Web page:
This still requires access to email or SMS. If email, you probably are going to have a password for that still so that access is limited to a valid user. And the problem with actually implementing this is that it narrows the point of attack to the SMS or email chain, and once that's breached, then everything is breached. Much better to have security protocols everywhere which spread the points of attack so that there isn't just one single point of attack. (You could argue that this isn't the case because of password resets, but remember that many password resets require some sort of secondary validation, such as a security question).


  • mod

    @anonymous234 said:

    Personally I think it should involve a physical element, like a smart card (those still exist right?), an USB key or perhaps their cell phone (though that has some problems in its own).

    But this has it's own complications:

    • Handling lost/stolen tokens (you mentioned this)
    • How to handle access from devices that can't attach the token? For example, say you have a USB key, how do you get access on your phone which does not have a standard USB port?
    • What about shared accounts, say between spouses?

    As for biometric access, I think that this shows the weakness in those methods on a mobile platform. And don't think for one second that the public is going to let mobile access be taken away from them.


  • Discourse touched me in a no-no place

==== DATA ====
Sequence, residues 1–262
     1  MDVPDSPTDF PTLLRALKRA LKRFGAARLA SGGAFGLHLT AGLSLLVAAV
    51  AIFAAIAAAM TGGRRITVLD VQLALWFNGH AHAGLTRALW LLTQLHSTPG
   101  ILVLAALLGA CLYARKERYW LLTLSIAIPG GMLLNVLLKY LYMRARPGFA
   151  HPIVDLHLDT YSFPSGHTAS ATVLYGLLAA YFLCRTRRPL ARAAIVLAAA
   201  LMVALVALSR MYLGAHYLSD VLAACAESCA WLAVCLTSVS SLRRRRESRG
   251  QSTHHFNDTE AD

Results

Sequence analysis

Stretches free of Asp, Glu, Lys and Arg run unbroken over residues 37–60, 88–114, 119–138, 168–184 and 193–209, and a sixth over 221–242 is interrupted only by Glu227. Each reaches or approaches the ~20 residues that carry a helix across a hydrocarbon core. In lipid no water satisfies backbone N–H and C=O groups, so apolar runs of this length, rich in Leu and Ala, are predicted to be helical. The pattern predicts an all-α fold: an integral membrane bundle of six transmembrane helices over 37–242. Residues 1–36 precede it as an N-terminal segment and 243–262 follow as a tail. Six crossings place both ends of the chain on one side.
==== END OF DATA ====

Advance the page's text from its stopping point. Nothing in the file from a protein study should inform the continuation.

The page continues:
@abarker said:

    As for biometric access, I think that this shows the weakness in those methods on a mobile platform.

    It's worse than that:

    But biometrics cannot, and absolutely must not, be used to authenticate an identity. For authentication, you need a password or passphrase. Something that can be independently chosen, changed, and rotated.


  • mod

    @PJH said:

    It's worse than that:

    But biometrics cannot, and absolutely must not, be used to authenticate an identity. For authentication, you need a password or passphrase. Something that can be independently chosen, changed, and rotated.

    I liked this bit from that:

    But let's just say you're okay with Apple sharing your fingerprints with the NSA, as I've already told you, they're not private at all. You leave them on everything you touch. And let's say you're insistent on using fingerprint (biometric) technology because you can. In that case, your fingerprints might identify you, much as a your email address or username identifies you, perhaps from a list.


Log in to reply
 

Looks like your connection to What the Daily WTF? was lost, please wait while we try to reconnect.